All of the techniques, all of our suggestions will be useless unless you make an honest commitment to living the life of a college student. Attitude and commitment can bounce you out of bed on a cold winter morning for an 8:00 AM class; the absence of these two qualities allows you to roll over for another four hours of sleep and miss your 8:00 AM class—and maybe your 9:30 as well. Scholars of success have verified what we all already know - that those activities to which we devote our time, our energy, and our enthusiasm are those that we do well in. If you love the flute and practice playing the flute for hours each day, chances are you'll become a pretty decent flute player. But if the flute sits on the side of your desk gathering dust, it's for sure you're not tooting in the all-district band. So it's not just talent, not just brains; it's commitment supported by time, energy, and enthusiasm. And it applies to your Common Core class, your Seminar class, your Chem lab, and all your other studies.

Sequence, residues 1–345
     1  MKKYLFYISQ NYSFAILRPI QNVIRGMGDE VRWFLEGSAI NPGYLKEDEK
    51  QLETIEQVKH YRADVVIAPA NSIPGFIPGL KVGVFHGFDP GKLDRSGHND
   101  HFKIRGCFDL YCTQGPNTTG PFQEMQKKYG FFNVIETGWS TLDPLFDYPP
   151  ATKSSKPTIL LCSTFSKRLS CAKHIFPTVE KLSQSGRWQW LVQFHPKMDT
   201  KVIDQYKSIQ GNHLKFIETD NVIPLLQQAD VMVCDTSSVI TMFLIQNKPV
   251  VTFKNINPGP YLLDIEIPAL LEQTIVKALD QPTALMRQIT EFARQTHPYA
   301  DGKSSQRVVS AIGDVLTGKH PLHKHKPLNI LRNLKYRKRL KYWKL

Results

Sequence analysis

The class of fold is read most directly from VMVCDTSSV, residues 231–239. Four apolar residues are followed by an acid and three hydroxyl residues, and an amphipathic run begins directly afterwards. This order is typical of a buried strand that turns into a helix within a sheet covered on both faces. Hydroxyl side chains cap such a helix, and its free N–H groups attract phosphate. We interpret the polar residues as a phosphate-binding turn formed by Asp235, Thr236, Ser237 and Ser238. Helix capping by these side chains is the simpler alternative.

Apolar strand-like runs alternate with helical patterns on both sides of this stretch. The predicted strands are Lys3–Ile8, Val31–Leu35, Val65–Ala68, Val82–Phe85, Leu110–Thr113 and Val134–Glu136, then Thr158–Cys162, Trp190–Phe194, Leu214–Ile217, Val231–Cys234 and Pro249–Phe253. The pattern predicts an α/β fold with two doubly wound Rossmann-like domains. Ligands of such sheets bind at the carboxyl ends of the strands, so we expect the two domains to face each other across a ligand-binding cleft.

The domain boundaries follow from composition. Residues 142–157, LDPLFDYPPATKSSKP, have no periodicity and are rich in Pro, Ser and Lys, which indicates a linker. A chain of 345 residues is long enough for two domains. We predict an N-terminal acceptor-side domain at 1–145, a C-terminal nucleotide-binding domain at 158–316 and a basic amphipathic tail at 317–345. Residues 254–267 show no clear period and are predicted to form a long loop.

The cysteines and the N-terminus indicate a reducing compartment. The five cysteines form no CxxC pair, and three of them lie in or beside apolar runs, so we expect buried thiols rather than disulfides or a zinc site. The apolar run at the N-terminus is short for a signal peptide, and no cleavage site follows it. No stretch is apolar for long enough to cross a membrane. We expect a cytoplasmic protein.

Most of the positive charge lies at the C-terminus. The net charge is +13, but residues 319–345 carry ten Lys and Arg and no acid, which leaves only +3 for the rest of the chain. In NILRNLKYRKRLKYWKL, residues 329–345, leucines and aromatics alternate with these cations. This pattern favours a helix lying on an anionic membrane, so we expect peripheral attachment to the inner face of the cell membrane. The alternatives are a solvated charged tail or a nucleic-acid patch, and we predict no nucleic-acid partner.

Starting now - not next week, not after your first weekend, not after you’ve gotten your room organized - now, your life has to revolve around your primary responsibility as a college student; your focus has to be on the academic life that you've signed on for. I know you have other demands (jobs, etc.) and other interests (friends, sports, activities, even just plain fun), but your real purpose - for which someone is probably paying a sizable amount of tuition - is your studies. So your time outside of class has to be planned and prioritized accordingly. Anything that interferes with or hampers your effectiveness as a student needs to be curtailed--sometimes even eliminated. Speaking straight-out--if you are not spending a substantial amount of your time on your studies, you are going about things in the wrong way. So let's begin by examining our priorities and affirming our commitment to learning. It’s an absolutely essential first step.  After all, it's why we're all here.